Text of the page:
About Renee

Renee L. Ernst
Producer, Social Publishing

The story of how I went from a sheltered Hawai’i island girl to a producer on CNN’s social media team in New York City is an interesting one.

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That’s me in the middle!

Growing up in Hawai’i has provided me with the unique experience of being raised in a culturally diverse environment that may be a part of the U.S., but certainly has its own identity. From a young age I have been interested in writing. An avid reader, I used to get in trouble for reading at the dinner table. This naturally led to a passion to look into writing. Realizing journalism was an outlet to pursue that passion, I remember making a newsletter for my little neighborhood.

Once I got to high school in my teen years, I joined the school newspaper for the next four years. After two years of college in Hawai’i working for the student newspaper, I wanted to go as far away as possible while still remaining in the U.S. to expose myself to other cultures and I knew media had a strong presence in the northeast. I chose New Jersey – in between Philadelphia and New York City. In my last semester of university, I got an internship with Gannett and my career was launched. From there I got a job near the Jersey shore as a newsroom clerk, was quickly promoted to web producer and staff writer before ending my time at The Asbury Park Press as a breaking news reporter. I left for Texas in pursuit of a Master’s degree in criminal justice. After two years, I went back to New Jersey as a web producer for a different company in the northern part of the state. I was quickly promoted to social media editor because of my high interest in growing our digital audience.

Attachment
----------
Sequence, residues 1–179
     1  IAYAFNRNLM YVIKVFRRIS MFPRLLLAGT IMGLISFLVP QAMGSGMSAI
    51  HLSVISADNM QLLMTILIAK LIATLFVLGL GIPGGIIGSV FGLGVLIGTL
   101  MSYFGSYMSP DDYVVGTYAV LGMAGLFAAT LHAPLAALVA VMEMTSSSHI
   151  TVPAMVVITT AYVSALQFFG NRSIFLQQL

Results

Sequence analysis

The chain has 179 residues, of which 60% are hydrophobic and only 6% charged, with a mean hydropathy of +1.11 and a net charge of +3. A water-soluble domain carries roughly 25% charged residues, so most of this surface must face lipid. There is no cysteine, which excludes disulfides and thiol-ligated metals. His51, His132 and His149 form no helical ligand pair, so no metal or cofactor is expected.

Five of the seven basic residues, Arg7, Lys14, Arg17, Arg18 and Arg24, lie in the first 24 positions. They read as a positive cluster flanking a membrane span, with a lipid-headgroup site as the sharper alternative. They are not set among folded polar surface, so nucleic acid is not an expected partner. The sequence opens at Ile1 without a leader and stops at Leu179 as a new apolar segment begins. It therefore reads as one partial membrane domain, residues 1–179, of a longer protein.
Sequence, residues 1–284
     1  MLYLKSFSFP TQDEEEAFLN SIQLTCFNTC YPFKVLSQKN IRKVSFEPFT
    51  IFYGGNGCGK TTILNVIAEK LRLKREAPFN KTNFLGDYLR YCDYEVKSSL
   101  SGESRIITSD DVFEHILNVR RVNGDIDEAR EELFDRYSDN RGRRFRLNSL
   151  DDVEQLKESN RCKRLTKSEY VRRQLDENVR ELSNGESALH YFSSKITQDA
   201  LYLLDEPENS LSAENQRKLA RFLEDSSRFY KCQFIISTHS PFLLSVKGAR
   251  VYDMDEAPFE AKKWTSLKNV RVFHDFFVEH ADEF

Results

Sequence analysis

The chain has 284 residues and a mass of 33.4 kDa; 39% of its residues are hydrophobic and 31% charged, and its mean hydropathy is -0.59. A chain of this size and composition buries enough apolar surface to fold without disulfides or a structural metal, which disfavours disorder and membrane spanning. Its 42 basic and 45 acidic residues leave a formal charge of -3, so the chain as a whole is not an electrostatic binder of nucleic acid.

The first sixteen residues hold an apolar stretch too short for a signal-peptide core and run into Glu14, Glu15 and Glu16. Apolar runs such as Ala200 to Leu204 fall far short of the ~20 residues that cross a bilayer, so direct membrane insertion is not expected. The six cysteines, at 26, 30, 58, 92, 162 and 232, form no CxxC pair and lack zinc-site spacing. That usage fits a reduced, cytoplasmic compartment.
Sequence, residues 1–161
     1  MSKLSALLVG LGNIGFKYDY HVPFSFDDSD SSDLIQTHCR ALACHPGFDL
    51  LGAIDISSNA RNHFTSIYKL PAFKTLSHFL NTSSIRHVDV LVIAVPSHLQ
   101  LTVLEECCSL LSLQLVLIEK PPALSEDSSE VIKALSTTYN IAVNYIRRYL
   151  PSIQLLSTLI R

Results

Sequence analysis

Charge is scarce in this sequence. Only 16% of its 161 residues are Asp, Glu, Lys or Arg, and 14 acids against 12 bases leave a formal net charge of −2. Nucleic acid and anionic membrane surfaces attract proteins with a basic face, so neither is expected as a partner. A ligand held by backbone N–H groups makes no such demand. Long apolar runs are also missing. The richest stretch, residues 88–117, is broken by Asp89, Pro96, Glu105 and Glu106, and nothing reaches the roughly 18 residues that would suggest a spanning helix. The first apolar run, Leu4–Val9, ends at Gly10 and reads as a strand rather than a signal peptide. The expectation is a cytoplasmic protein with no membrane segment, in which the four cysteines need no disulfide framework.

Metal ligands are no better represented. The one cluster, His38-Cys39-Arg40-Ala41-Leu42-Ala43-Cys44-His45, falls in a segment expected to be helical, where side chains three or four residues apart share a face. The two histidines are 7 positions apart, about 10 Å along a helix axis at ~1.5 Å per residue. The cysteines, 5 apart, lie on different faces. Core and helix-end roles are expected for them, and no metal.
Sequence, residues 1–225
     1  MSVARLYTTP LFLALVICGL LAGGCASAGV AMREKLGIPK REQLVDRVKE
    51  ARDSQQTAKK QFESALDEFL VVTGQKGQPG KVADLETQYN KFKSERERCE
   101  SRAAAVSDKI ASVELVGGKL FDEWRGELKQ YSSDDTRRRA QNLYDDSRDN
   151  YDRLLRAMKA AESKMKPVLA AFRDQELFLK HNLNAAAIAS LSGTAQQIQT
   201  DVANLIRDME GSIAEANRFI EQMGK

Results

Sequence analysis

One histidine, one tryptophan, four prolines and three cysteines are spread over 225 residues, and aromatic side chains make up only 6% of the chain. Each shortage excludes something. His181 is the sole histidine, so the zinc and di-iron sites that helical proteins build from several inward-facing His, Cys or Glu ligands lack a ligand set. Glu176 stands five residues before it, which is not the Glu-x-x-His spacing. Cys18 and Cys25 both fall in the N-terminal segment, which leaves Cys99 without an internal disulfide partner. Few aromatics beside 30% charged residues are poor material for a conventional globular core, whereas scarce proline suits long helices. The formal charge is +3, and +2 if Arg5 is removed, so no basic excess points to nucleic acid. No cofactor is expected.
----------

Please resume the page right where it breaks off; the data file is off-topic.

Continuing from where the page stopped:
This is where the story gets fun. One of the first weeks I was in that role, news about then NJ Gov. Chris Christie’s staffers causing major traffic issues for people in a town who’s mayor did not endorse a reelection for Christie started circulating. My newspaper was the first to pick the story up. Our dogged local journalism and traffic columnist caught the story before anyone else. This was huge news. It ended up resulting in many firings and jail time for more than one staffer. It never got traced back to the governor. When the newsroom initially got wind of the story, their idea was to break it in print. Over the course of a few hours and with the backing of my then boss, I convinced very old, wise and scary leaders at the newspaper that this needs to be broken on social media, namely Twitter and Facebook. It was one of the most difficult things I have ever had to do, but it came with major rewards. 

The story was picked up the coverage was inevitable nominated for a pulitzer. After it gained such major national coverage, Facebook reached out to me to run beta projects with our reporters, Twitter asked me who I wanted verified from my newspaper. It seemed I had unlocked some level of social media stardom. Not long after all of that I was recruited to The Huffington Post. After a year there, I was contacted by my current executive producer about a job at CNN. You can fill in the rest there. I have been happily serving as part of a dynamic team for the past three+ years and couldn’t be more proud of my team. Look out for us on Facebook, Twitter, Instagram and LinkedIn.


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